Recommended Software for Graphic Design

The Best Software for Graphic Design Square Michelle Kraft

What’s the best software to use for designing graphics?

If you want software that is going to get the job done right, you need to go with the non-surprising industry standard—Adobe Suite. For the last 15 years, I’ve consistently used Adobe Photoshop, Illustrator, and InDesign to create everything I need for both online and print.

Maybe I’m biased because it’s the software that you’re expected to use when you enter the job, but I also know that it works. Not only that, but your local print shop will expect you to use it as well, otherwise the cost of your invoice will magically increase from the print shop designer having to untangle your file and fonts to properly covert your file to CMYK to make it press-ready. 

Let’s talk about Adobe Software Applications

Recently, Adobe has come out with templates, presets, and tutorials to compete with Canva and allow a user to dive in and get started right away.

You can create your own brushes, patterns, and effects to make sure your designs stay unique to you and your brand. The are zero limitations with what you can create in your Adobe designs. Come on, who hasn’t been excited after creating their own cloud brush in Photoshop, or including that subtle drop shadow?

I’ve arm-wrestled with trying to create a simple drop shadow in Canva, and I always go back to Adobe software to create what I need to import into Canva. Not only that, but any SVG shape that I’ve used in Canva has been something I’ve made in Illustrator prior to bring it in to Canva.

Affinity—The Adobe Alternative

Adobe comes with a frustratingly expensive subscription plan. If that’s something you don’t want the hassle of dealing with, there is another great contender out there who is hot on the heals of Adobe.

Come through, Affinity!

Affinity has created a trio of software (Affinity Photo, Designer, and Publisher) comparable to Adobe Photoshop, Illustrator, and InDesign. Affinity Photo, Designer, and Publisher can be purchased for $50 each, which means the entire Affinity set costs less than 4 months subscribing to the Adobe Suite.

Something unique that Affinity brings to the table, is the seamless integration of their software. You can be working in Affinity Publisher, but open Affinity Photo within that very software. Adobe does not have anything like that and you must switch back and forth between each application.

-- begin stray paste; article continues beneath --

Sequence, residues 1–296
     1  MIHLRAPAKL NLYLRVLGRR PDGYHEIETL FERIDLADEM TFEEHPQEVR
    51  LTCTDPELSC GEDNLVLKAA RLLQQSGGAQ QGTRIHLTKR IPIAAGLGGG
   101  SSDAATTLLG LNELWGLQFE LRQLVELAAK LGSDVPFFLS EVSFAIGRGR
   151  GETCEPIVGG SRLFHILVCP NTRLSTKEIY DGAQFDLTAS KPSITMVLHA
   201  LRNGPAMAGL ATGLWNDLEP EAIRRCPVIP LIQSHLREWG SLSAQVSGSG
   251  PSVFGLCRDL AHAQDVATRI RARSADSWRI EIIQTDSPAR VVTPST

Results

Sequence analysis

Why use Adobe or Affinity?

Well, let’s talk about File Ownership

Cost aside, one of the biggest reasons Adobe and Affinity are recommend is the ownership of your own files. Using online design software might be handy, but anything you create does not really belong to you. With Adobe and Affinity, you always have the capability of saving your files and handing them off to someone else, even if you decide to remove the software from your computer.

This is huge news if you want to own your logo and need to email it to someone as part of your media kit. If you are a guest speaker on a Podcast, and you make the host go digging through Canva, there’s a good chance that your logo will not be featured on their site, compared to straight emailing the logo file.

Holy smokes, that brings up a good point on what file type you need for your logo! You can learn all about it in my post The Best File Type for your Logo.

 

Designing for Print is Still a Thing

While the internet has taken over our lives, designing for print will always be a part of a graphic designer’s life. There will always be a time and place that you will be asked to design printed pieces. Books continue to get printed and flyers continue to be handed out.

Here’s the tea:

Even though VistaPrint (and other companies like it) somehow manage to accept RGB files, there’s still the potential for the files to come back printed incorrect. AAAAAAAND, you need your design software to help account for bleed on printed pieces.

Some of my clients have had the experience of creating in Canva through the use of pre-sized templates, and wondering why their text is so close to the edge of the printed flyer that ends up in their hands. Canva doesn’t account for blend, and they make it damn near impossible to do so.

If you want to make sure you’re setting up files for print that don’t disappoint the client, you need Adobe or Affinity software which have the capability to create CMYK files with bleed. Even files that go to VistaPrint need to be set up correctly if you want to cry tears of joy (instead of tears of sadness) when your project arrives on your doorstep.

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